“So, the bad guys hurt Jesus,” my daughter says. It’s more a question than a statement.
It’s Holy Saturday, and I’m doing the bare minimum to catechize my child. I scroll through a mental array of synonyms for death, killed, and tortured and come up short.
“Yes,” I say slowly. “They really hurt Jesus.” I’m not sure I’m doing the Paschal Mystery any justice.
“But why?” Fair question.
Explaining the Easter story to a three-year-old is tricky. Set aside the eggs and the chocolate and the bunnies, and what are you left with? Death and Resurrection? That’s a can of worms that will only confuse a child who’s buried two great grandmothers during the past six months.
“Jesus loved everyone,” I say instead. “He didn’t want anyone to be left out. He didn’t want anyone to be forgotten or excluded or made fun of. And people didn’t like that.” I tug at my chin. “So, they hurt him. Real bad.”
My daughter nods, thoughtfully.
“That’s why we have to love everyone, too,” I continue. I’m on a roll now. “Like Jesus did.”
It’s so cliché—this power of love—that you would be forgiven for gagging, just a little. And yet, today’s readings—still anchored in the Easter season—say nothing less: “God shows no partiality,” Peter says. “Let us love one another because love is of God,” writes John. “Love one another as I love you,” Jesus teaches.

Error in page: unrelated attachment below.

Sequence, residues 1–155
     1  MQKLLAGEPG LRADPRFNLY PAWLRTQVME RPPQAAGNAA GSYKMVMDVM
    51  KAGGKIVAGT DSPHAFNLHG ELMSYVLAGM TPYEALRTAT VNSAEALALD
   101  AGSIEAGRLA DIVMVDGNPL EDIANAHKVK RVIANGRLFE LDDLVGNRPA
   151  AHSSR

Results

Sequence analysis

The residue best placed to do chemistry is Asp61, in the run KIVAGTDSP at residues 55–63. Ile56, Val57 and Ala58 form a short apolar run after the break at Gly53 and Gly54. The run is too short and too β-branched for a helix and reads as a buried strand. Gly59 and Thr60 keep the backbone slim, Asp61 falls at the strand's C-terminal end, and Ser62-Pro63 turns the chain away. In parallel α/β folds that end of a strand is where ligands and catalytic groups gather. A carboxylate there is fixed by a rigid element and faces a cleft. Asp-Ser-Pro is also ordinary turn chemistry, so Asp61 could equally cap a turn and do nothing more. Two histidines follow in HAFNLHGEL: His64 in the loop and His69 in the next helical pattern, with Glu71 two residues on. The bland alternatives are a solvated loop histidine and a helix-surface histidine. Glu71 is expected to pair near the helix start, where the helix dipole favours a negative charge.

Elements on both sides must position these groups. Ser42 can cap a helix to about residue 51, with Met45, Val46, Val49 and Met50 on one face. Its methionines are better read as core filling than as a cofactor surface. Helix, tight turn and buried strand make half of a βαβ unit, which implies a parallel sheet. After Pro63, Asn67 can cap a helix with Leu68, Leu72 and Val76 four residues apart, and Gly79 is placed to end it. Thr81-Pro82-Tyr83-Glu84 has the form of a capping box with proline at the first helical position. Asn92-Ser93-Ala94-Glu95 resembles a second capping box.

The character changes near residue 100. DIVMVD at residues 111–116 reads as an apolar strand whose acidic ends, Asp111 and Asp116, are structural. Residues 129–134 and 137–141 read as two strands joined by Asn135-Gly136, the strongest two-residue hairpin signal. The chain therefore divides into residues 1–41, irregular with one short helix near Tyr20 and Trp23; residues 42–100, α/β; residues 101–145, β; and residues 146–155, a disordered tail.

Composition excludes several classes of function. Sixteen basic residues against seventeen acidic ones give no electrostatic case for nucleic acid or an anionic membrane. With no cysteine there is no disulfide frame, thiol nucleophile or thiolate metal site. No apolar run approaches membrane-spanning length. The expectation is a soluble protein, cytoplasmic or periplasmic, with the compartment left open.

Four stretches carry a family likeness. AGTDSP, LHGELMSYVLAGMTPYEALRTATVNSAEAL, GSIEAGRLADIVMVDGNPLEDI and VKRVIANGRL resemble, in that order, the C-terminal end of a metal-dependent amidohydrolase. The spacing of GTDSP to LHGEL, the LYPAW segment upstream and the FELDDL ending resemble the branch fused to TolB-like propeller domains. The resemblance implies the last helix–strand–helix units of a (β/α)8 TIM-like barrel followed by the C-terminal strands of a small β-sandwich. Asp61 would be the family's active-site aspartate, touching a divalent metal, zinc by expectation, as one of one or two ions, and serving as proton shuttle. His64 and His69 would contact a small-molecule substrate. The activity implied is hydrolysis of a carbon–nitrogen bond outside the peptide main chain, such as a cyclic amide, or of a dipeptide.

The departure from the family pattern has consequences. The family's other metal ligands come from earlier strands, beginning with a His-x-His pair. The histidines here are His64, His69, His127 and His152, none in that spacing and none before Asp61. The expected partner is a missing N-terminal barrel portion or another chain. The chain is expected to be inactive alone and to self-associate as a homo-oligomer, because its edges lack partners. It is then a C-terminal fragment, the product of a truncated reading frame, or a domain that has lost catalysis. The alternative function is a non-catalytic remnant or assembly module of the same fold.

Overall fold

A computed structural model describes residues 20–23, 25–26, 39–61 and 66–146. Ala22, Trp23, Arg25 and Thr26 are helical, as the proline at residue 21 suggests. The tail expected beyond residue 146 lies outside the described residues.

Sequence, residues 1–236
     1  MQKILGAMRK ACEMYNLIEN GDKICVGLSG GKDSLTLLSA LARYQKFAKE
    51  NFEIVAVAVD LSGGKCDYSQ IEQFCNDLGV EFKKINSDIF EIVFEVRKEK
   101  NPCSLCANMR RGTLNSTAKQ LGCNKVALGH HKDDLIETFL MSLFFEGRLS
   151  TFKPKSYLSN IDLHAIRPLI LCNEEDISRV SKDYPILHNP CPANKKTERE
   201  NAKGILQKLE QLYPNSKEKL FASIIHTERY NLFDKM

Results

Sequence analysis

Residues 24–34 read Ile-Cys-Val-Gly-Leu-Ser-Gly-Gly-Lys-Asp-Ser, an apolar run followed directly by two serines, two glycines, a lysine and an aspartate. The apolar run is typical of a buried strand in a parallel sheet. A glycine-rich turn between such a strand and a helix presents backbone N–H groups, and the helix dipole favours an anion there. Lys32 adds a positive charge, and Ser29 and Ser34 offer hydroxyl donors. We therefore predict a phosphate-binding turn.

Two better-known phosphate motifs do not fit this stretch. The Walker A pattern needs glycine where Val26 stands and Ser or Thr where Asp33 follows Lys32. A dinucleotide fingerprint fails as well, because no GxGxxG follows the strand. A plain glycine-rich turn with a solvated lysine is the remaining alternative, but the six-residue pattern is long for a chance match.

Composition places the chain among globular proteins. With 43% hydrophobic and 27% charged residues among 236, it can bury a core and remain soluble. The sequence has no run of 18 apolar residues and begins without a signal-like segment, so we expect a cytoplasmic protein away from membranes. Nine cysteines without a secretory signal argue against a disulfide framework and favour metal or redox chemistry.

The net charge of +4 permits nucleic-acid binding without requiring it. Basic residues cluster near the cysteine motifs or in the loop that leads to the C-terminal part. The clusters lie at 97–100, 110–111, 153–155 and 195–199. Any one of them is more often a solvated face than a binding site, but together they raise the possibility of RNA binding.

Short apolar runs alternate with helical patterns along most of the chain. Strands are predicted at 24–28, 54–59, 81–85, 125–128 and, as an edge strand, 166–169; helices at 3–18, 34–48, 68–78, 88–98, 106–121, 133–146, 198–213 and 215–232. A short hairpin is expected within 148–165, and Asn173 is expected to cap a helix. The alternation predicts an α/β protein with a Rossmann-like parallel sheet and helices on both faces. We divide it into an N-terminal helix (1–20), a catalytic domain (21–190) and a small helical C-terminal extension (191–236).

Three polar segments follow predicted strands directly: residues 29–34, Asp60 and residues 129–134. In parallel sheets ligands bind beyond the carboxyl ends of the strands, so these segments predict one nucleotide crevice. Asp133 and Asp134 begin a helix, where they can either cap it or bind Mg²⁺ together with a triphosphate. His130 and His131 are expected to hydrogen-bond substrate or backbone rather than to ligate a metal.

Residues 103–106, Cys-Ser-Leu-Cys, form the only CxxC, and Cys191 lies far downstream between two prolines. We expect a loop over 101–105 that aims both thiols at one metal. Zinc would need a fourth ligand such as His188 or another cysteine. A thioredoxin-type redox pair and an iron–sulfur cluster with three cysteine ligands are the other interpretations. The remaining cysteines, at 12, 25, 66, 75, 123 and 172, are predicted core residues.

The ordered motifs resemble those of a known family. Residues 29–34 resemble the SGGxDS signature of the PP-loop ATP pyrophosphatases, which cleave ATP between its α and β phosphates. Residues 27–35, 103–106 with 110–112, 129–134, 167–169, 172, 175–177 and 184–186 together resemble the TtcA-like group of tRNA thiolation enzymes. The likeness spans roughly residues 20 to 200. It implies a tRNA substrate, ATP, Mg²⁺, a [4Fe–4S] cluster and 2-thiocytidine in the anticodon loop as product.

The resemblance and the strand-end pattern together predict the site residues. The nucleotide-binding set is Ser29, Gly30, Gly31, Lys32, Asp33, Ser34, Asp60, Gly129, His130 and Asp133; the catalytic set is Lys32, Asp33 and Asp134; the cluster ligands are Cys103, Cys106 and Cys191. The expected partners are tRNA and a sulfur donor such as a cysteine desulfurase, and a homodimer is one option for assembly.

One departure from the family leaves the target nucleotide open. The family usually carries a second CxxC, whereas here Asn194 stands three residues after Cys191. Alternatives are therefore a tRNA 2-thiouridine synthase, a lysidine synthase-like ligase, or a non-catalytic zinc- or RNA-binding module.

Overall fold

The message is so simple that we dismiss it as a Hallmark greeting. Surely, God’s dream for humanity is more complex than that! But it’s not.
The act of loving another person simply means setting aside some interior space for their needs, their hopes, their desires. It’s the invitation to kenosis, to self-emptying. I make room in my heart, my mind, my soul for you; you do the same for me. And we carry one another onward; we journey together—if even for a moment. We bare one another’s burdens and share one another’s joys.
That kind of love can get you into trouble. It demands that we break free from our individualistic mindset, challenge the status quo. The question is no longer, What’s in it for me? but What’s best for all of us?
That’s a message a three-year-old can understand, a three-year-old who might not want to share her toys, play nice with her sisters, finish her broccoli.
We understand it, too. But we’re no longer children. We put aside childish things—selfishness, individualism, self-centeredness—and ask how we might best respond to God’s invitation to love.
Eric Clayton is the deputy communications director at the Jesuit Conference of Canada and the United States, responsible for developing and sharing resources and reflections to promote Ignatian spirituality. He is the author of the forthcoming book Ignatian Storytelling (Loyola Press). He and his wife are both graduates of Fairfield University and live in Baltimore, MD, with their two daughters.